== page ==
Yogi hasn’t seen many films made by people like him, so he started his own festival

In the three years that Yogi Devgan has made films, he has won international accolades and had films selected for screenings in the UK, Bali, Mexico, Brazil and the USA.
At home in Australia however, where the Punjabi man has lived since 2014, it’s a different story.
“They look at your name and then you’re off the list,” said Devgan, who doesn’t understand why he missed so many opportunities.
“I couldn’t find anyone from my background whose name was there,” he said, speaking of a recent experience with an organization that funds emerging filmmakers.
“I asked, ‘Has this fund ever been given to a person of color?’ The answer was no.
Growing rejections have motivated Mr Devgan to develop a new festival, showcasing the work of minority groups facing additional hurdles in the film industry.

“I said to myself, ‘I have to start my own thing and give others a chance'”.

I asked, ‘Has this fund ever been given to a person of color?’ The answer was no.

Yogi Devgan

According to the organiser, the Port Adelaide Diversity and Inclusion Film Festival, which kicks off in Adelaide on Friday evening, is the first in Australia to bring together work made by or about people from all underrepresented communities.
Among the finalists are films by and about people living with disabilities, South Sudanese, trans, Muslim, refugees, English as a second language and First Nations communities.
“This festival encourages people from these backgrounds to come together under one roof to celebrate and be part of a new society and culture,” Devgan said.
“It’s a brand new festival that I started from scratch, and in two months over 250 people came. It shows that people want this stuff.

Western Australian screenwriter and director Cassandra Nguyen described the selection of her film Hold Up – as a “huge honour”.

Australian-Vietnamese screenwriter and director Cassandra Nguyen says it’s “a huge honour” to be selected as a finalist. Source: Provided / Alison Rodrigues

“We are really excited to be part of a festival like this,” said Ms Nguyen, the daughter of Vietnamese refugee parents.

Hold Up is a comedy-thriller set in an Asian grocery store that premiered in Los Angeles as part of Viet Film Fest 2021, the world’s largest international Vietnamese film festival.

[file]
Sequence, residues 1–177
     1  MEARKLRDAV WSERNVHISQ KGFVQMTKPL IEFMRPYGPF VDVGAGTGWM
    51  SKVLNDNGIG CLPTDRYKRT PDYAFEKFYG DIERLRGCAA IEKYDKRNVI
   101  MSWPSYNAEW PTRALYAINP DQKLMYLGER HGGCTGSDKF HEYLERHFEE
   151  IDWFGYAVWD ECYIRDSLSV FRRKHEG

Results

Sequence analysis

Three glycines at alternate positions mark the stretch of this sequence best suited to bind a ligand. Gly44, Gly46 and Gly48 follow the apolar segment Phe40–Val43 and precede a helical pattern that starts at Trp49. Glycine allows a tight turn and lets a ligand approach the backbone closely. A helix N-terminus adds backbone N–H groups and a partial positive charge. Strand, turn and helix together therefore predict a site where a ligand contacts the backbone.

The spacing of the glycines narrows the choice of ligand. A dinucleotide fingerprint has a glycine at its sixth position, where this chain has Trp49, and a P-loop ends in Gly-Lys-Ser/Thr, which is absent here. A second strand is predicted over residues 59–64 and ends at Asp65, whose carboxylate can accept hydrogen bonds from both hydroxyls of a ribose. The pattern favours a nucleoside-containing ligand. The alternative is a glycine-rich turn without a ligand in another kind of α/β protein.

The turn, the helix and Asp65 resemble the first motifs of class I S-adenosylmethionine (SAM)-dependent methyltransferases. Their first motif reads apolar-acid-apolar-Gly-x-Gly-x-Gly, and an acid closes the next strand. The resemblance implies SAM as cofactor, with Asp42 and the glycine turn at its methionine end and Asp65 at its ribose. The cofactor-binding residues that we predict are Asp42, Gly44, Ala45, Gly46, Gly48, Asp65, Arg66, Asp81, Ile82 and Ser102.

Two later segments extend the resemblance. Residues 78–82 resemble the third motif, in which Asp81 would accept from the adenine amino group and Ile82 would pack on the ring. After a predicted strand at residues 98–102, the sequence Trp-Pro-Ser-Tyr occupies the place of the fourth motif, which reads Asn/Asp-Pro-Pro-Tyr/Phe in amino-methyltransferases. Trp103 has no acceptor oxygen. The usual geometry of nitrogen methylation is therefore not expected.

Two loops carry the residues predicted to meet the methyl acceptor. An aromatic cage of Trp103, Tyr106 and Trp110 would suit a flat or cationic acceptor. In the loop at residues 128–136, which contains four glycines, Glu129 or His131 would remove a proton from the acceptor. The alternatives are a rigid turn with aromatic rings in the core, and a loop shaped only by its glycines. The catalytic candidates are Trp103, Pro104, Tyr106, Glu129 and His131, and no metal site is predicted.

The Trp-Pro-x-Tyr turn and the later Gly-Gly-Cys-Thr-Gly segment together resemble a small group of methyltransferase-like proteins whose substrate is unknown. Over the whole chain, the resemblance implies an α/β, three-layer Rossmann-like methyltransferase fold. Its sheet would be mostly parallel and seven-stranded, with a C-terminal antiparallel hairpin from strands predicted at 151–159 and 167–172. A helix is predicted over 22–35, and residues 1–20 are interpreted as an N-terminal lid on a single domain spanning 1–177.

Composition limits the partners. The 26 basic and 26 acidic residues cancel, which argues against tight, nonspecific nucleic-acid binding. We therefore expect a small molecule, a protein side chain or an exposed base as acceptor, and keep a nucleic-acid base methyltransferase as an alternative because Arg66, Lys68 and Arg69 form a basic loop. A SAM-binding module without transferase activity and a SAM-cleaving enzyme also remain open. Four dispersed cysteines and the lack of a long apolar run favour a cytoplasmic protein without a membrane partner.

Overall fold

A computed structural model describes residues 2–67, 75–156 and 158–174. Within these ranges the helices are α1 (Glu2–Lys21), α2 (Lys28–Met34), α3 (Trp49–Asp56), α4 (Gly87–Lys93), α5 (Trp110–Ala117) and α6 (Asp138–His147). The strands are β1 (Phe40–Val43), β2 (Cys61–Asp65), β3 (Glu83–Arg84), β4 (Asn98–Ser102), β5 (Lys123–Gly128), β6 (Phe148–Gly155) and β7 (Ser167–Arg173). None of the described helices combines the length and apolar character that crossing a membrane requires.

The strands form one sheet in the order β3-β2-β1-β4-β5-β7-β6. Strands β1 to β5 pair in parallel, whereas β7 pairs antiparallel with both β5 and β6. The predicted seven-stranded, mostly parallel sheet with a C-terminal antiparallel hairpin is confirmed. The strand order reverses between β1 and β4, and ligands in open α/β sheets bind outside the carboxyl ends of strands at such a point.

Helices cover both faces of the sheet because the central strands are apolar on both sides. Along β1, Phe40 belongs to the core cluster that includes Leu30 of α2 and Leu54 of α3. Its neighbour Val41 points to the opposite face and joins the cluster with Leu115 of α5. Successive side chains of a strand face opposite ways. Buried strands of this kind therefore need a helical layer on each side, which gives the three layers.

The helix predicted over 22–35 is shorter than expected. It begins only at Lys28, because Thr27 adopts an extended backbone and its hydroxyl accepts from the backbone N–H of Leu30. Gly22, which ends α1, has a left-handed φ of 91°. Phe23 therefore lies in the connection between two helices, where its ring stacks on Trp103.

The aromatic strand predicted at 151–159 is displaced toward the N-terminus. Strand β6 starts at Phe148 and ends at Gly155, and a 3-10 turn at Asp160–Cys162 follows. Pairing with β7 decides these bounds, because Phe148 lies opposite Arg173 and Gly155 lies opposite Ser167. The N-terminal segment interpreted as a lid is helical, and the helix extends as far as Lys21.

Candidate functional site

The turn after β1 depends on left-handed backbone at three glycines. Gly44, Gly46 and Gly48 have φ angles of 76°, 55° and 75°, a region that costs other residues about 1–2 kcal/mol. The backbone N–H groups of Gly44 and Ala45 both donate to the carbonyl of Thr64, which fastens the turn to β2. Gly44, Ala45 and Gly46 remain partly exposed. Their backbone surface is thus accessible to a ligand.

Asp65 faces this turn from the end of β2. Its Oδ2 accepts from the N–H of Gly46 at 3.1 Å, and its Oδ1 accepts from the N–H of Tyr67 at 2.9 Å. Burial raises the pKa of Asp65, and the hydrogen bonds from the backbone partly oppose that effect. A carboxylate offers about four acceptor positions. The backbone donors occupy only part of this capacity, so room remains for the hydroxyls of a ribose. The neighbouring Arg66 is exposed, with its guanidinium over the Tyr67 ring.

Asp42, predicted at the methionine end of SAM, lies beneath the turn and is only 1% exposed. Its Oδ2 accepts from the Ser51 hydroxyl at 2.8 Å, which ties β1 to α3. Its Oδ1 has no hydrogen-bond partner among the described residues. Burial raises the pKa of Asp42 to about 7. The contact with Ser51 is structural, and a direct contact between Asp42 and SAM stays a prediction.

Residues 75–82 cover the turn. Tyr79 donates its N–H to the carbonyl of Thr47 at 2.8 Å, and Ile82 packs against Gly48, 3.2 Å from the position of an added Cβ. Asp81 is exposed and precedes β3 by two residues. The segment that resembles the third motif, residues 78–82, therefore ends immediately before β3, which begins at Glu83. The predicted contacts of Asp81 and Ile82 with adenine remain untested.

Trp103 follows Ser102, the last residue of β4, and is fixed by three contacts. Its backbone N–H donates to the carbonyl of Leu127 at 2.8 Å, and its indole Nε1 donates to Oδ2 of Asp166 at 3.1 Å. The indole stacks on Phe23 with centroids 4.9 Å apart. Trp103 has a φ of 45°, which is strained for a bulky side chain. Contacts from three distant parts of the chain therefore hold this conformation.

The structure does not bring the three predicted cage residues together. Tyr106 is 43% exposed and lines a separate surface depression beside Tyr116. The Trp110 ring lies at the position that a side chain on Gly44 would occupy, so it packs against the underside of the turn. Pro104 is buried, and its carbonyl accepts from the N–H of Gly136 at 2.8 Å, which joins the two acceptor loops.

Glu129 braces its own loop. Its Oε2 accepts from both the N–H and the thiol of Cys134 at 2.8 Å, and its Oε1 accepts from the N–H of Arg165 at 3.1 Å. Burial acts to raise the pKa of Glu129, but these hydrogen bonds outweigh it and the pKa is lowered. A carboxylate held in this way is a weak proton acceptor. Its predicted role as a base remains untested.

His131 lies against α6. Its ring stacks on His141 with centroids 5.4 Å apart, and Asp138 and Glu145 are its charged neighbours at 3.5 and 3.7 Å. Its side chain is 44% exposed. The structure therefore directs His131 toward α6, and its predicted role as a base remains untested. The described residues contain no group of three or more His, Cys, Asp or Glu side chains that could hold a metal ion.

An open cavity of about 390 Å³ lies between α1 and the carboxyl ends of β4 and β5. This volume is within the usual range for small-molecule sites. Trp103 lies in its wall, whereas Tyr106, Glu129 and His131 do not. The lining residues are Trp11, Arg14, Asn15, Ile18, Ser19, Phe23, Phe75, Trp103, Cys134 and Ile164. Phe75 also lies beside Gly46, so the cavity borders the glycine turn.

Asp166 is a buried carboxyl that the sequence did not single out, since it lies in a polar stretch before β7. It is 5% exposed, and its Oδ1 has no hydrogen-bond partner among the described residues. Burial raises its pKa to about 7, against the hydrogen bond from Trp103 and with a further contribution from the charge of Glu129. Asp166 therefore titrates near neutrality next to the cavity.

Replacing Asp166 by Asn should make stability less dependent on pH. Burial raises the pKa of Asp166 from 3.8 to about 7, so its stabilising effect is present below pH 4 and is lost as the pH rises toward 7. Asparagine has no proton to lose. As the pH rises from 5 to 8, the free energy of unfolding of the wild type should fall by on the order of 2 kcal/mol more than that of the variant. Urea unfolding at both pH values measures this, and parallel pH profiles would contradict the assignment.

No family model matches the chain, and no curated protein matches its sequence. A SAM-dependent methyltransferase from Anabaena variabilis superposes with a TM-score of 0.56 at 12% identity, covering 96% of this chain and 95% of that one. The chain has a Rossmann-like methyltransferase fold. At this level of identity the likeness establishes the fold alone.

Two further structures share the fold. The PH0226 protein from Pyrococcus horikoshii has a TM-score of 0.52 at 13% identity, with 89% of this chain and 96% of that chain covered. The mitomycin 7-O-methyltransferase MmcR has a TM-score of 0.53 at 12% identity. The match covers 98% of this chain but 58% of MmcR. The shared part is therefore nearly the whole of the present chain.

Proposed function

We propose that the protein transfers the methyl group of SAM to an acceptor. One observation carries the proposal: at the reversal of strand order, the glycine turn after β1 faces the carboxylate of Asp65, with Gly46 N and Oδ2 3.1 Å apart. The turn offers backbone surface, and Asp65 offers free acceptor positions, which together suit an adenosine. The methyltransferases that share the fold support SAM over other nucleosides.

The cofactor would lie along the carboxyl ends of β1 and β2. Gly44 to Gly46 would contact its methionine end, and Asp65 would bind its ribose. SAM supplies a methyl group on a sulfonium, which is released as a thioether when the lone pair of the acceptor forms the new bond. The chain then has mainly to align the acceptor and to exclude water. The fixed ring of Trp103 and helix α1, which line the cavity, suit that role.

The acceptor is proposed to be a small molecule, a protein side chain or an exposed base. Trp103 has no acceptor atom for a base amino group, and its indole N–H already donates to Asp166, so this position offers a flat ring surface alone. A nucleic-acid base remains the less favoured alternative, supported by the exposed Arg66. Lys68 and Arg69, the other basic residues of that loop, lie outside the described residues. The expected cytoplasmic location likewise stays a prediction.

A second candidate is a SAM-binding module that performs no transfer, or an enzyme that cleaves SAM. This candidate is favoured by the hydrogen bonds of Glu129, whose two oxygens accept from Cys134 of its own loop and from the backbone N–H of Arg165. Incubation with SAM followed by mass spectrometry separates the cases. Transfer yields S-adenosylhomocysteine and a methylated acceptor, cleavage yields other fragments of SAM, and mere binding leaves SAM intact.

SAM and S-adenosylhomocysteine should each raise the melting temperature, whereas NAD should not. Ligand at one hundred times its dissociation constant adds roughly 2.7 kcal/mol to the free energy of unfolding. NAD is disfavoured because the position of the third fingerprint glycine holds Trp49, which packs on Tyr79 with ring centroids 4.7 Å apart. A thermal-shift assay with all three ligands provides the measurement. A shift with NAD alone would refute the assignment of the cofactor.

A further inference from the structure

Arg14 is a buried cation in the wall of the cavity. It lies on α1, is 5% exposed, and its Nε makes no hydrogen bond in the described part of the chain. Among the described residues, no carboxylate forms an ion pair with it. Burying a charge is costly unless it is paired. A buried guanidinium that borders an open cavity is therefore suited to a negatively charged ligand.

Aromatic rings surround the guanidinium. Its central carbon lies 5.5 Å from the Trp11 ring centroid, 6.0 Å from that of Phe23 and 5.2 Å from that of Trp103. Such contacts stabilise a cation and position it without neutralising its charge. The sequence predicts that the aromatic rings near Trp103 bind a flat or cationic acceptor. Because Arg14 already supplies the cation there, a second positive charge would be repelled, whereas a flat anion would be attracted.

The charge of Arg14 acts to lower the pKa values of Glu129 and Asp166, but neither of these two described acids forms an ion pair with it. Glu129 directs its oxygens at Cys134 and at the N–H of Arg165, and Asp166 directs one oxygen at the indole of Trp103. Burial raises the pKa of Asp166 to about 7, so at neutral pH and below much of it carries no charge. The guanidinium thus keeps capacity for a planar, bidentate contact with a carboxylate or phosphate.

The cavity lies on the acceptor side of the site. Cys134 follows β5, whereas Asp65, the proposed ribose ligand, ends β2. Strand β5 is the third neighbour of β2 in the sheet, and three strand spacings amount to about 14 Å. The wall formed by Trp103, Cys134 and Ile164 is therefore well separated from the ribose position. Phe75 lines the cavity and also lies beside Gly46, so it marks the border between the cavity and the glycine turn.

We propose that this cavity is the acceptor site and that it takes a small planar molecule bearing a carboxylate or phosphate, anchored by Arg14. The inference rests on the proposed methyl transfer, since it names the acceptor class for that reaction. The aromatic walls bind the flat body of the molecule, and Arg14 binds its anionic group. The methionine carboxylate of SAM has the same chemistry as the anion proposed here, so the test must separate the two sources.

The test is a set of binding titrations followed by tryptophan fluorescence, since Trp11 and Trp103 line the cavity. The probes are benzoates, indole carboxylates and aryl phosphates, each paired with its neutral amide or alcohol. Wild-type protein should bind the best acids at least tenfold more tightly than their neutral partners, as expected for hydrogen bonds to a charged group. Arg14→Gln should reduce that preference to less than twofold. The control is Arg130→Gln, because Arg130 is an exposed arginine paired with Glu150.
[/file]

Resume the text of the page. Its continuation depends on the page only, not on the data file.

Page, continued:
“It’s really important for representation and for Australian stories on screen to reflect the life we ​​live now in our multicultural society,” Ms Nguyen said.

Ms Nguyen said while film is a “tricky industry”, festivals such as Port Adelaide’s Diversity and Inclusion make it an exciting time to get involved.

Characters from the movie Hold Up hide behind shelves in an Asian grocery store.

Hold Up, a comedy-thriller set in an Asian grocery store, is a finalist at the Port Adelaide Diversity and Inclusion Film Festival. Source: Provided

Editor and director Sam Matthews, who is part of the trans community, agrees that a lot has changed in the past decade.

“We all have our own focus, but I think Yogi was able to take a bird’s eye view.”
“There is always power in numbers when you want to highlight an issue.”
Ms. Matthews is part of a panel of festival judges who all work in the film industry and come from diverse cultural and social backgrounds.
“A lot of up-and-coming filmmakers are making really good work, but they’re not being seen, and that’s what this festival is all about,” Ms Matthews said.

“You never know who might be at the festival who can connect you with other opportunities. And the chance to see all your hard work on screen motivates you to move on to the next project.

“I really wanted to follow my heart”

As a child growing up in India’s Punjab region, Mr Devgan said he dreamed of working in the film industry but did not have the means to pursue it.
It wasn’t until the pandemic hit that he left a career in real estate to study a bachelor’s degree in film and television at the University of South Australia.
“I really wanted to follow my heart, which was making films and telling stories,” said Mr Devgan, who left India for London in 2003 before moving to Adelaide with his Australian wife in 2014.
Mr. Devgan’s work focuses on short films with a social message.

His most recent project, Buddy, was selected for screening at ten international festivals.

He hopes his festival will help people present their work more fairly.
And create momentum for change in the way industry bodies distribute funds.
“There are plenty of actors and filmmakers from diverse backgrounds. Their works may be of a very high standard, but if you consider their applications based on the quality of their English, they will never win.

Mr Devgan believes that increased support for culturally and linguistically diverse filmmakers would increase audience numbers and lead to greater international interest in Australian films.

About Monty S. Maynard

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